© Guardian photo by Brian McInnis
Andrew Zinck, right, chairman of UPEI's music department, says the university would love a qualified concert level piano tuner like Mark Cerisano of Montreal to set up shop in Prince Edward Island.
Mark Cerisano wants to tinkle Islanders’ ivories on a regular basis.
The Montreal piano tuner comes to P.E.I. four months a year to tune pianos. In that time, he typically tunes 110 to 120 pianos.
Cerisano would like to ply his trade year-round in the province if he could drum up — or perhaps that should be plunk down — enough business.
A mechanical engineer by trade, Cerisano has lived in Montreal for about the past 10 years. He feels a strong draw to P.E.I. where he has made close friends while living and working in the province over the past handful of years.
He purchased a farmhouse in Richmond five years ago. He rents the place out in the summer but settles in with his wife, Cathy, and the couple’s four home school taught children in May, June, September and October while Cerisano busies himself tuning pianos in the province.
Cerisano hopes to eventually set up shop, and home, year-round in P.E.I.
Andrew Zinck, chair of the music department at UPEI, would certainly welcome that development.
The department, working like the rest of the university under the strains of a very tight budget, must pay for airfare and accommodation to get Cerisano to come to the campus to tune pianos.
One tuning could cost $700 to $800 as opposed to just $100 to $120 if the qualified piano tuner lived in P.E.I.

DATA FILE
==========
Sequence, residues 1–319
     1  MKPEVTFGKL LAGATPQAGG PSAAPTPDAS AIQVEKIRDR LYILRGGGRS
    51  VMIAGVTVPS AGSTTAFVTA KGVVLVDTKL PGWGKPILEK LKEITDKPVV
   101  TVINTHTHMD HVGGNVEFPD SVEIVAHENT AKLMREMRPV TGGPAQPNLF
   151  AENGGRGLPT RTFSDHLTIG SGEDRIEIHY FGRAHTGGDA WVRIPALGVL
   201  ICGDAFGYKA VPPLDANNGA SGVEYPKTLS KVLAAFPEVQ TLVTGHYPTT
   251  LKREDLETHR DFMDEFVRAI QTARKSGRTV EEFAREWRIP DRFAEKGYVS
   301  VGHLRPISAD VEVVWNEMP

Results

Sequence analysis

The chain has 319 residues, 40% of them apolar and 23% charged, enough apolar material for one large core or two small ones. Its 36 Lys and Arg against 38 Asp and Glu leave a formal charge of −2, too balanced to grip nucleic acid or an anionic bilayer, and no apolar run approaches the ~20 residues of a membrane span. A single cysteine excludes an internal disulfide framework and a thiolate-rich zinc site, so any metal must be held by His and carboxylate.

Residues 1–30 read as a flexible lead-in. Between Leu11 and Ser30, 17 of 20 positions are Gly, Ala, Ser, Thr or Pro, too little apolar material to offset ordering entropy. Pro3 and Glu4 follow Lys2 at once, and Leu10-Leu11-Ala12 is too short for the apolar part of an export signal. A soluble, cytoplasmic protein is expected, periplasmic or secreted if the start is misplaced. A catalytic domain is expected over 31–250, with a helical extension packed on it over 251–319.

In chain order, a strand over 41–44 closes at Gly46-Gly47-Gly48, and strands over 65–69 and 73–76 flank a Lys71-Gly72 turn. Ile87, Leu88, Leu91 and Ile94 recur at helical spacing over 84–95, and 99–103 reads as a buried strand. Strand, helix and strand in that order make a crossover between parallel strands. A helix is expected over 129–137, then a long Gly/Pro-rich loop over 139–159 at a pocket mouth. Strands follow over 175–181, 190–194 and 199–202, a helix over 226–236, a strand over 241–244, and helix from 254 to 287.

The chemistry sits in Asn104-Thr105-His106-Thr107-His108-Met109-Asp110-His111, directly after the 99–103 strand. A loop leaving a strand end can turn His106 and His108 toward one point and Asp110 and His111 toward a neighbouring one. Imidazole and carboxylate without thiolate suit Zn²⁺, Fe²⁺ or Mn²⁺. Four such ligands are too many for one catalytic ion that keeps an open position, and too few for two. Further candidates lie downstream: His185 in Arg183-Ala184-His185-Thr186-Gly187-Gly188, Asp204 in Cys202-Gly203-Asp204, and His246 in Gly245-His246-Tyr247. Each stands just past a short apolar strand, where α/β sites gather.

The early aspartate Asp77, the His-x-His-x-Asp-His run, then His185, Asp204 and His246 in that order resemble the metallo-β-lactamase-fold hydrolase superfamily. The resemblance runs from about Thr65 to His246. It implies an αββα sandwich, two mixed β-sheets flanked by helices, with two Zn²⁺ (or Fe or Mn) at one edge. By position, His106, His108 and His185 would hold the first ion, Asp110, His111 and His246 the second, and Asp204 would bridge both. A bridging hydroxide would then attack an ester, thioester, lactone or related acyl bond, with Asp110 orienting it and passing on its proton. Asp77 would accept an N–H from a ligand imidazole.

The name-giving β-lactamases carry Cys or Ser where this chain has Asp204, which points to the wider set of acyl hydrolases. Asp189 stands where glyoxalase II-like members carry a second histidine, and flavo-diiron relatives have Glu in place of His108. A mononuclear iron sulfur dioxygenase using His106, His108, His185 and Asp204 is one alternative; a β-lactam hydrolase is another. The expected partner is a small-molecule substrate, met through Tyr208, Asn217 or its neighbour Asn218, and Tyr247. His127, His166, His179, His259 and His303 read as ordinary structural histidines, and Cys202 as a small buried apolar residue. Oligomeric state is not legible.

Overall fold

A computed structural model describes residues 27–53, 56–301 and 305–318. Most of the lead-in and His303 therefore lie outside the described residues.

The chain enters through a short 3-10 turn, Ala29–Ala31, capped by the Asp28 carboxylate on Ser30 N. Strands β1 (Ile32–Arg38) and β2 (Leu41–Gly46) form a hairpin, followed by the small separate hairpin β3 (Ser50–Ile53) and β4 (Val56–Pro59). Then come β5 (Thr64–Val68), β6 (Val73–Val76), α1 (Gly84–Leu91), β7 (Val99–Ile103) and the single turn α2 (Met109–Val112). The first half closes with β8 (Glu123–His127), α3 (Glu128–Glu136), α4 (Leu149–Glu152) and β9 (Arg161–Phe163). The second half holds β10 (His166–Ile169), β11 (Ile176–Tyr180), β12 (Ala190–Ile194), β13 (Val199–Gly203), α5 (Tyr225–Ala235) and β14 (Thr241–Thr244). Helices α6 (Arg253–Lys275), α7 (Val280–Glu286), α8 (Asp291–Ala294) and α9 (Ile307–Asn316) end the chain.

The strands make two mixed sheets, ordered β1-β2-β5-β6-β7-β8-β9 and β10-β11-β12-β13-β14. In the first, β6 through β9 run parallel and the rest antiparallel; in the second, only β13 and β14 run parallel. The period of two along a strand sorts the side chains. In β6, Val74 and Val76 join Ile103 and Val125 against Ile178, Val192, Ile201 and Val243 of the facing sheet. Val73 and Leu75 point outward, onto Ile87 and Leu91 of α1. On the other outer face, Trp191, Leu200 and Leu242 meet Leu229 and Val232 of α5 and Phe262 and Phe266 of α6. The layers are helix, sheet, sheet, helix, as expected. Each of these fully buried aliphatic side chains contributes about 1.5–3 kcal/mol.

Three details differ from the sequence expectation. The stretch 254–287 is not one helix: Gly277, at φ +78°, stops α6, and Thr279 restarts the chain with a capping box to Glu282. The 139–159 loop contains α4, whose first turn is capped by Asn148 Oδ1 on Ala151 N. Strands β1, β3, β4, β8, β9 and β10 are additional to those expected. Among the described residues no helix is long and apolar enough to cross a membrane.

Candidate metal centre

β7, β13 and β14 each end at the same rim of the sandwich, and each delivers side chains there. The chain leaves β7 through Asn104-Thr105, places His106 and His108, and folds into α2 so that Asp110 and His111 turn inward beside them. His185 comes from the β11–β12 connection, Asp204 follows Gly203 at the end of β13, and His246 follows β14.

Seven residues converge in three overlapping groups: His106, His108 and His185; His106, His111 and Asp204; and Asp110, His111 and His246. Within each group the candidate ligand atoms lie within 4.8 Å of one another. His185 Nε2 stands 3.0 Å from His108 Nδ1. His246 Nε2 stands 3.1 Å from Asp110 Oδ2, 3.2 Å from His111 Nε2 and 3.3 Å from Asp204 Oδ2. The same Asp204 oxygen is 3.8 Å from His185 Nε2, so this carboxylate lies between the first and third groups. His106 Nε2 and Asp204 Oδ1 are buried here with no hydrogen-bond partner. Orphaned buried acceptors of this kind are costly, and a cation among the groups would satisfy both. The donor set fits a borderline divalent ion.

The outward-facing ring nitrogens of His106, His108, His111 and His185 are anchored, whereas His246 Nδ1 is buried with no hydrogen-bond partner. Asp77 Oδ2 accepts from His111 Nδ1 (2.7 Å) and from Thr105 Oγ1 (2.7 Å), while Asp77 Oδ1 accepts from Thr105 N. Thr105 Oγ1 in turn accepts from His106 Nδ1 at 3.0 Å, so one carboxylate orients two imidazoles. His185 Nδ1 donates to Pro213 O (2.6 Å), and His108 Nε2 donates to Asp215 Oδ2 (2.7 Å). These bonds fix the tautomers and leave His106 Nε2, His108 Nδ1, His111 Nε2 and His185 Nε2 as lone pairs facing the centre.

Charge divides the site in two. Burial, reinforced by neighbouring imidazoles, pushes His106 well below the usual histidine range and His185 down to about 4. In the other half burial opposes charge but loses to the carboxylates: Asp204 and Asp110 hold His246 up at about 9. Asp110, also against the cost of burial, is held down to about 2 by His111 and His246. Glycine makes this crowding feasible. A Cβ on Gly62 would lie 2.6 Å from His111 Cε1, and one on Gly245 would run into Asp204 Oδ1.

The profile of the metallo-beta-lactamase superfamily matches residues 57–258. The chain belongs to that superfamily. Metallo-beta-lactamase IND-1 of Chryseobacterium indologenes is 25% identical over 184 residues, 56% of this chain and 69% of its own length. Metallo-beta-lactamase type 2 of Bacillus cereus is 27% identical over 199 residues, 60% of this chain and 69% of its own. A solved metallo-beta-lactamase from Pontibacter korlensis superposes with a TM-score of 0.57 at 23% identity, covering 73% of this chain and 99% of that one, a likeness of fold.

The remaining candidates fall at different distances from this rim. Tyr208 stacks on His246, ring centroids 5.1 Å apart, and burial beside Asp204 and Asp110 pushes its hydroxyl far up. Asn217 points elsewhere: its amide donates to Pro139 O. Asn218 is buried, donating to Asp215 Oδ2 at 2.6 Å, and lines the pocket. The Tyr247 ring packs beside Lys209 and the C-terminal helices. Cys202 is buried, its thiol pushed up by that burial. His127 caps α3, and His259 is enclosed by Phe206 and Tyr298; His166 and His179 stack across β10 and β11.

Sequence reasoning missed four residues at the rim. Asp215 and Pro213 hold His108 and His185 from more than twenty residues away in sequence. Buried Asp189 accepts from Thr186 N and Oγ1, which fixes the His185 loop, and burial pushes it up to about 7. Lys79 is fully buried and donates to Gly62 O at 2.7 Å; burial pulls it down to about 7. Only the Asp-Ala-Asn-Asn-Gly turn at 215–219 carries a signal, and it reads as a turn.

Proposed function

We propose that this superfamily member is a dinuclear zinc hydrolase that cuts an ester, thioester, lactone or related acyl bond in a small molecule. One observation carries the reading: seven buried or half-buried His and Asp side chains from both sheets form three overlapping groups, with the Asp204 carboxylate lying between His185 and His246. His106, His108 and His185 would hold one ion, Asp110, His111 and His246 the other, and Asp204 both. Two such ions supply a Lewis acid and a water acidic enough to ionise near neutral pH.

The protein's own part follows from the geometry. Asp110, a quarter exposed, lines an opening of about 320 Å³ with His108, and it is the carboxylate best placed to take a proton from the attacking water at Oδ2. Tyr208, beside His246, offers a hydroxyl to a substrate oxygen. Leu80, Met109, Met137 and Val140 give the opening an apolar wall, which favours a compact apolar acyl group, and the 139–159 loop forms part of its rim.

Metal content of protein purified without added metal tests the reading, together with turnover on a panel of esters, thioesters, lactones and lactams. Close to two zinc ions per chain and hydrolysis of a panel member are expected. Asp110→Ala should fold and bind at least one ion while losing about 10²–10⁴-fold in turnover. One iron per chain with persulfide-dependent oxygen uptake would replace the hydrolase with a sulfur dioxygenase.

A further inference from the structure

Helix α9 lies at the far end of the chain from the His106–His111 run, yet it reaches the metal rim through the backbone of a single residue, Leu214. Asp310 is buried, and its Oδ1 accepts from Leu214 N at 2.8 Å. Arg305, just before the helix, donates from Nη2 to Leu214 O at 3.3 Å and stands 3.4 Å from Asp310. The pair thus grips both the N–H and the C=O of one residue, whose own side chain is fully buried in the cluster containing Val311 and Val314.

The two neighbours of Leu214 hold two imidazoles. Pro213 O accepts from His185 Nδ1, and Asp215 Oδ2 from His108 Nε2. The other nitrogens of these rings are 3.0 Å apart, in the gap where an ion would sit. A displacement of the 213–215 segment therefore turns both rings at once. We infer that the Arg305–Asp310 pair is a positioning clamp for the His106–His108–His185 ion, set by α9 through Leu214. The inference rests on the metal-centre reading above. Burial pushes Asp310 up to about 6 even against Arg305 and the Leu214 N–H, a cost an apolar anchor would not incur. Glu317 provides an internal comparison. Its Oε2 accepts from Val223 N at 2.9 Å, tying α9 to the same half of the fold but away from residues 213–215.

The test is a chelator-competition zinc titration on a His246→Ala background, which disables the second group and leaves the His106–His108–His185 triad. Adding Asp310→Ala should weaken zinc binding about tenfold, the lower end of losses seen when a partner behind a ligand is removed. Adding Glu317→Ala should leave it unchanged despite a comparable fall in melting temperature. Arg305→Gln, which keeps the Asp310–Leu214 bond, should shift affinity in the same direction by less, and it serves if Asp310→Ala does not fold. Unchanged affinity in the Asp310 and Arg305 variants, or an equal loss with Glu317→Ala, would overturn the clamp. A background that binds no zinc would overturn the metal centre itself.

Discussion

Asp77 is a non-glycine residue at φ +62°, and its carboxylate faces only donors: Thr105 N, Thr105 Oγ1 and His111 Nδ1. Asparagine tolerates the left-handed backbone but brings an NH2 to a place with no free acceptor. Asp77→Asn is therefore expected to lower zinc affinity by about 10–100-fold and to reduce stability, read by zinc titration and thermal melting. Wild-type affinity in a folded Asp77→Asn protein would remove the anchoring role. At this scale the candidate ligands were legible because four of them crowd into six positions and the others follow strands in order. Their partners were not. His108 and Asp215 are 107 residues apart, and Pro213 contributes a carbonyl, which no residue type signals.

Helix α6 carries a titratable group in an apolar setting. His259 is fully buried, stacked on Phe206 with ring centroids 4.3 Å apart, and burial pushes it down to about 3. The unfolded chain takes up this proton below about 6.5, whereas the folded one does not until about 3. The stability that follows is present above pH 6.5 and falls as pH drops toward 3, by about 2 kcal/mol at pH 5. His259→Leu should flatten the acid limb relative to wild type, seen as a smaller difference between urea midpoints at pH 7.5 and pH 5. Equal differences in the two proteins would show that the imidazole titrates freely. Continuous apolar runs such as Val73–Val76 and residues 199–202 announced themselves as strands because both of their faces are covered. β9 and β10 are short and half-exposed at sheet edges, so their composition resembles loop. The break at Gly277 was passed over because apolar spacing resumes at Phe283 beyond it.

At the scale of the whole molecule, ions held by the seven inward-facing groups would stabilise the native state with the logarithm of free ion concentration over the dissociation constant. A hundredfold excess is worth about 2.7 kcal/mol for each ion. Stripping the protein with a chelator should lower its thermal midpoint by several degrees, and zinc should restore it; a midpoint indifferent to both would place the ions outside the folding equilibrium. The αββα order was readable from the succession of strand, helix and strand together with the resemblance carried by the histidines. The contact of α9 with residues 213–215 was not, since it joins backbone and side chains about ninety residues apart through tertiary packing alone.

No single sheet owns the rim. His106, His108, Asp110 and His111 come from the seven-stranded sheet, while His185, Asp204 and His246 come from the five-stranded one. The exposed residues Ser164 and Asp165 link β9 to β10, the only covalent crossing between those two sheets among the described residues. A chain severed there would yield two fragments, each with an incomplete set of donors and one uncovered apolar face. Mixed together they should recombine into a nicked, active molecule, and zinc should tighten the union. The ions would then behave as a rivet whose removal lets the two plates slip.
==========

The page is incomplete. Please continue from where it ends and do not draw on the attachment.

The department is forced to spend a couple of thousand more dollars a year to bring Cerisano in from Montreal to cover his expenses.
“And that’s money we don’t have at this time ... it’s tough,’’ says Zinck.
The problem is no one in the province is qualified to do professional concert level tunings.
Zinck says a piano tuner of Cerisano’s high caliber is needed to do top-notch maintenance and tuning of the music department’s Steinway concert grand piano as well as the “kind of backup’’ concert grand.
“Professional musicians are fussy,’’ says Zinck in reference to pianists who perform at UPEI’s annual fall concert series.
“You want to make sure that those musicians feel comfortable and will want to come back.’’
Zinck says ideally the music department would love to have Cerisano, or a piano tuner of his ability live on P.E.I. year-round, sign up to an annual service contract to maintain and tune the department’s pianos.
“We have yet to be successful in encouraging anyone to set up shop in the Island,’’ he said. “The market is small.’’
He hears there is plenty of demand for piano tuning in the province.
He just needs to get enough of a share to allow for a permanent move to P.E.I.